a light-sensitive document of a lighthouse that is in the sunlight

Here is an extremely faded blue-line or diazo print of the New Presque Isle Lighthouse from a recent weekend trip. Blue-line or diazo prints are inexpensive copies of architectural drawings that were used from the 1880s-1930s.  Blue-lines are white with blue lines which are chemically unstable. You are probably more familiar with  Blueprints which are another form of chemically unstable architectural copies with a blue background and white lines. Both types of copies are chemically unstable because they are made with unstable chemical compositions.  In blue-line prints some of the chemicals are phenyl coupling agents-these oxidize over time causing discoloration and fading when exposed to air. [Thanks to Tawny Ryan Nelb for explaining this via her handy architectural records media/support and preservation chart!]  Exposure to light increases the speed of their deterioration resulting in rapid fading and loss of image. The speed of deterioration, fading, and becoming brittle also increases for blueprints when they are exposed to light. The rate of deterioration is so fast that if architects leave the room for lunch, leaving a coffee cup or pencil on top of an architectural drawing which is out on a table in room with lights on or sunlight, and the architects reappear an hour later and move the object, they will clearly see the image of the item they left setting on the blueprint during that hour.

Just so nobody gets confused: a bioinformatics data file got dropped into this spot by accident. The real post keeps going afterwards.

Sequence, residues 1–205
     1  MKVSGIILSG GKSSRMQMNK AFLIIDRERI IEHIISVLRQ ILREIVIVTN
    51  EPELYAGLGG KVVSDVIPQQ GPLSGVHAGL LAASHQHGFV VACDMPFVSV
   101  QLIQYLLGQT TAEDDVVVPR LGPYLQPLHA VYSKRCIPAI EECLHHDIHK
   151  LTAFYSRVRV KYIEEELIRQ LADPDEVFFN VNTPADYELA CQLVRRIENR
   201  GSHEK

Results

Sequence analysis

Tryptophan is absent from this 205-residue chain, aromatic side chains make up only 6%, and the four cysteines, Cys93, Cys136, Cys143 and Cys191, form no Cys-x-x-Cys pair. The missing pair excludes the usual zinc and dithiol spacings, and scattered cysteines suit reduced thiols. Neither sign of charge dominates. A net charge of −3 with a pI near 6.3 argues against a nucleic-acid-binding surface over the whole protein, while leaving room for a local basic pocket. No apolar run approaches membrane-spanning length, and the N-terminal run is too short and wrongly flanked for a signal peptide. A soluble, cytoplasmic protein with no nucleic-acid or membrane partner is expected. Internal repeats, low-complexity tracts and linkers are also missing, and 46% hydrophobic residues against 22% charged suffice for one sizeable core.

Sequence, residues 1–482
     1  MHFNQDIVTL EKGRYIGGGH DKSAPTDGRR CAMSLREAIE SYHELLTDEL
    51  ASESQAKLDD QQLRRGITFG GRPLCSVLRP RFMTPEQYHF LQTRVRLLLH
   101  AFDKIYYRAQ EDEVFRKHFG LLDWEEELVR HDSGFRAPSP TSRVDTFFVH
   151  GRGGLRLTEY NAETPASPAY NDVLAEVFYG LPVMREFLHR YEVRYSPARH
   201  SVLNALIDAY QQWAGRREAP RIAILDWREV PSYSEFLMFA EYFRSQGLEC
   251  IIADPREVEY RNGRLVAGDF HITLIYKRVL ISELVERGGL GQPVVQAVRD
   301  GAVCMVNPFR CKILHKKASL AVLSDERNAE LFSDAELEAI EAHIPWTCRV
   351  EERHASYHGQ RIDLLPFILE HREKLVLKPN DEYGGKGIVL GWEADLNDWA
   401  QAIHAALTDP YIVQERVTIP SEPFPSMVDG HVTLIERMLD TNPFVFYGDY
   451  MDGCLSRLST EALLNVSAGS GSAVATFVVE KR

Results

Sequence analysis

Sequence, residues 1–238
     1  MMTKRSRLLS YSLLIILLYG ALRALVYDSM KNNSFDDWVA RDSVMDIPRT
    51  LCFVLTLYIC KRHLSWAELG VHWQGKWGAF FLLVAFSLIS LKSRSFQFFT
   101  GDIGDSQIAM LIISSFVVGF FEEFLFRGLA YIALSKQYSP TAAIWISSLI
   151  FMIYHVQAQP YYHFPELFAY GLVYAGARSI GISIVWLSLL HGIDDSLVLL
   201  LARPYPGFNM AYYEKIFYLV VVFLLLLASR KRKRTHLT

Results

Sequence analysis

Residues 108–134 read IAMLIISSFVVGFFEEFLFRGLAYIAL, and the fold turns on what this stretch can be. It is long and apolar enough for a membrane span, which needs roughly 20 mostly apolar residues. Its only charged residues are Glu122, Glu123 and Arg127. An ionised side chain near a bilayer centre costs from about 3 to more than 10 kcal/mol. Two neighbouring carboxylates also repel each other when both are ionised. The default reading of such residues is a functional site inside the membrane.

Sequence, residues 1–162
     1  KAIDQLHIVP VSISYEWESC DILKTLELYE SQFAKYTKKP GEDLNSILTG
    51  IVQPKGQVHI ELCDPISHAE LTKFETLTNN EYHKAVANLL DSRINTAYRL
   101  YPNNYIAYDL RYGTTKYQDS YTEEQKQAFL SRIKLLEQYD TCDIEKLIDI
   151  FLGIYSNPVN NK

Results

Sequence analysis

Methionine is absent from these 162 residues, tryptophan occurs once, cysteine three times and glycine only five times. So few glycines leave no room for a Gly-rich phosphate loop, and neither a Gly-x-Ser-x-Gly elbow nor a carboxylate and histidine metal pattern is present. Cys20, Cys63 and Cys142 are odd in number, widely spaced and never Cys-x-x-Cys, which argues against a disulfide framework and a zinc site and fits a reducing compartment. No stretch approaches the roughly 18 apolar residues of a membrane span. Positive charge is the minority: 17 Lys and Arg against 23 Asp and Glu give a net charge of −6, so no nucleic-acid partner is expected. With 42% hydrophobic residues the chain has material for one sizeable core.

In this case, this blueprint that was left too long in the sun. It is now exhibited in a room full of indirect sunlight, although it is not facing the window. This is not a good choice. A copy in the room would be better than having the original there on display to further speed its deterioration. I thought this being a light-sensitive document of a lighthouse that is in the sunlight would be an interesting Friday comment on archival architectural materials.


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